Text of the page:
Other assets                                                                                             1,852           1,713
                                                                                                     ---------------------------
  TOTAL ASSETS                                                                                         $16,745         $15,958
                                                                                                     ---------------------------

LIABILITIES AND SHAREOWNERS' EQUITY
Short-term borrowings                                                                                  $   251         $   294
Accounts payable                                                                                         2,186           2,084
Accrued liabilities                                                                                      4,856           4,183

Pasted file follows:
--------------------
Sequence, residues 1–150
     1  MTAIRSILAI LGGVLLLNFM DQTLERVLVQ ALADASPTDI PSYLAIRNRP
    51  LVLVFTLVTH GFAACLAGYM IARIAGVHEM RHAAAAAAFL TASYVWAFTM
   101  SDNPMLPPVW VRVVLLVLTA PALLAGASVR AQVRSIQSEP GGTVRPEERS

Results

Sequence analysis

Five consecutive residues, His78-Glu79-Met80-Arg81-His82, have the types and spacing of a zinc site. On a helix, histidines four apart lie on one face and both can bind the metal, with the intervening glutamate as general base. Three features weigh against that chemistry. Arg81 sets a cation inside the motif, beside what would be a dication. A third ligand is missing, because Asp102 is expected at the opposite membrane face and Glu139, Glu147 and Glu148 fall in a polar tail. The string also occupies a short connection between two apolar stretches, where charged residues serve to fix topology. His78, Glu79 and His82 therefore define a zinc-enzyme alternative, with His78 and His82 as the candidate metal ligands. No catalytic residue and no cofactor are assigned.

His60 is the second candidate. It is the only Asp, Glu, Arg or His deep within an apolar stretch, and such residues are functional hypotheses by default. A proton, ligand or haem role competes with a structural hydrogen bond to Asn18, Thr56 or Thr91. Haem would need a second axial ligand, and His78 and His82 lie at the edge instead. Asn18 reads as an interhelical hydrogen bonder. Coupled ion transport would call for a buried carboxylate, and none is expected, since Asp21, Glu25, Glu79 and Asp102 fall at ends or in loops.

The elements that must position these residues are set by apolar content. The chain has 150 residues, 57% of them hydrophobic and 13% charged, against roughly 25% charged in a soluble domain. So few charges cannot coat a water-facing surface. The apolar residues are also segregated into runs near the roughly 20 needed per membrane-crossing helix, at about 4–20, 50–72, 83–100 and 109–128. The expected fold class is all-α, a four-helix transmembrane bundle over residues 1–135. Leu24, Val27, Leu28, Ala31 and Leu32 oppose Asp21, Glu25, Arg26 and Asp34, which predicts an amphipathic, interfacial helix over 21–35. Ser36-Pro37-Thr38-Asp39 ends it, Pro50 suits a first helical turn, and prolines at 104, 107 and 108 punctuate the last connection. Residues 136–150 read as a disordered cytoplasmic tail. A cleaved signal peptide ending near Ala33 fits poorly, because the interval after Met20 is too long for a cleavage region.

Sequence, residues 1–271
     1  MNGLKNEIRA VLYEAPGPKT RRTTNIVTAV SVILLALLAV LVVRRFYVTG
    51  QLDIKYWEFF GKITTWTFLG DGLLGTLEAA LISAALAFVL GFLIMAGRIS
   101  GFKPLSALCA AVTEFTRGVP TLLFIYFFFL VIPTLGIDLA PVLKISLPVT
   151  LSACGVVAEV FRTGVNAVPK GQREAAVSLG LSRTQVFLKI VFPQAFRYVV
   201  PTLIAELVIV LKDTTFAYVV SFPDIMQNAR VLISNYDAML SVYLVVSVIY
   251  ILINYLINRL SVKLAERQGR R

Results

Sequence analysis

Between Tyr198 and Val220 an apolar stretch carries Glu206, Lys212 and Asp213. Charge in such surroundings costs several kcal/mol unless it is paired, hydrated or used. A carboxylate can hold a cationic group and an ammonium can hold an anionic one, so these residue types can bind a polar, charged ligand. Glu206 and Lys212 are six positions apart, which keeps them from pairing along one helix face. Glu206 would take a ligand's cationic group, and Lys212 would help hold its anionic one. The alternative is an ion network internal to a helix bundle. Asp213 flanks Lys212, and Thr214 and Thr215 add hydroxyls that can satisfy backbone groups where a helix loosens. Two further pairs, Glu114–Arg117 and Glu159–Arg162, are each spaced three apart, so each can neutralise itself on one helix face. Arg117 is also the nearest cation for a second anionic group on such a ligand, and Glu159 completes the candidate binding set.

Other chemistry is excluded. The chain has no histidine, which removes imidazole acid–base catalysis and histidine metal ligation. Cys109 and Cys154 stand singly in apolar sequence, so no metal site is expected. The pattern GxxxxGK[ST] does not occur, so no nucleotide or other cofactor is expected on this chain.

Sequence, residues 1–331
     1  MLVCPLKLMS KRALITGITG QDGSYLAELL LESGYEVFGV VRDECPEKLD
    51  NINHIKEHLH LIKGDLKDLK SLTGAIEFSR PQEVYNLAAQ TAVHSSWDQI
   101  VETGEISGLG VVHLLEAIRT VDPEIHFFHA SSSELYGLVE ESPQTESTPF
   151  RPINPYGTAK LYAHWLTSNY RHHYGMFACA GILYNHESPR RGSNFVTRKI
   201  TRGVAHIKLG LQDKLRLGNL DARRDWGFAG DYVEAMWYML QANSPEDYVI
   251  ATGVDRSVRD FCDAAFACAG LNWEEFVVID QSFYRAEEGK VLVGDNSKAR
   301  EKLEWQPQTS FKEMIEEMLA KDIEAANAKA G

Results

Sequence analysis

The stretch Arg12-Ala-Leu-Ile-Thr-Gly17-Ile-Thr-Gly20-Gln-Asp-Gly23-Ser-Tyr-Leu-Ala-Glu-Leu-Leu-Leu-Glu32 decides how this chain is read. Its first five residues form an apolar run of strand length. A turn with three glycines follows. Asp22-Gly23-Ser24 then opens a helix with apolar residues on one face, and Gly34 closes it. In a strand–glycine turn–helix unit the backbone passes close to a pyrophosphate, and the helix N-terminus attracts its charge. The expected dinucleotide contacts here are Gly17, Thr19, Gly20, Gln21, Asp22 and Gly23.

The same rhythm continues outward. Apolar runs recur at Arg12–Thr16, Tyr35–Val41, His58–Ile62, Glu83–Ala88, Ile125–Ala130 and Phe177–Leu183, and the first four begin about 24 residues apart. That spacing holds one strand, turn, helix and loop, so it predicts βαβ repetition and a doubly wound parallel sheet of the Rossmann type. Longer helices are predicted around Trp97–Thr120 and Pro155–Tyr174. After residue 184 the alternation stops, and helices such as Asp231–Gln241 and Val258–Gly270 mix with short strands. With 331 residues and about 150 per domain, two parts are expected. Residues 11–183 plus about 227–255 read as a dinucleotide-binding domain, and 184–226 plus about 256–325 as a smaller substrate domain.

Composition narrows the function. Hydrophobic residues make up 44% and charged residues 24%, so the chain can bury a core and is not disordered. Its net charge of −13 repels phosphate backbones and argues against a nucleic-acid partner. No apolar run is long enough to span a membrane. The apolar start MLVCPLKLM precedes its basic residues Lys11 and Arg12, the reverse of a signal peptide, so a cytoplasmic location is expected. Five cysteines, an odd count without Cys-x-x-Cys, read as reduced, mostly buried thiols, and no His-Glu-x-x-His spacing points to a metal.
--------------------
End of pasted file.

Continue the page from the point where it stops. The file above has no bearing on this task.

Long-term debt currently due                                                                                97              98
                                                                                                     ---------------------------
  Total Current Liabilities                                                                              7,390           6,659
Long-term debt                                                                                           1,437           1,649
Future pension and postretirement benefit obligations                                                    1,247           1,399
Future income taxes payable                                                                                155             130
Other long-term liabilities                                                                              1,298           1,233
Commitments and contingent liabilities (Notes 3 and 14)
Minority interests in subsidiary companies                                                                 478             469
Series A ESOP Convertible Preferred Stock, $1 par value (Authorized-20,000,000 shares)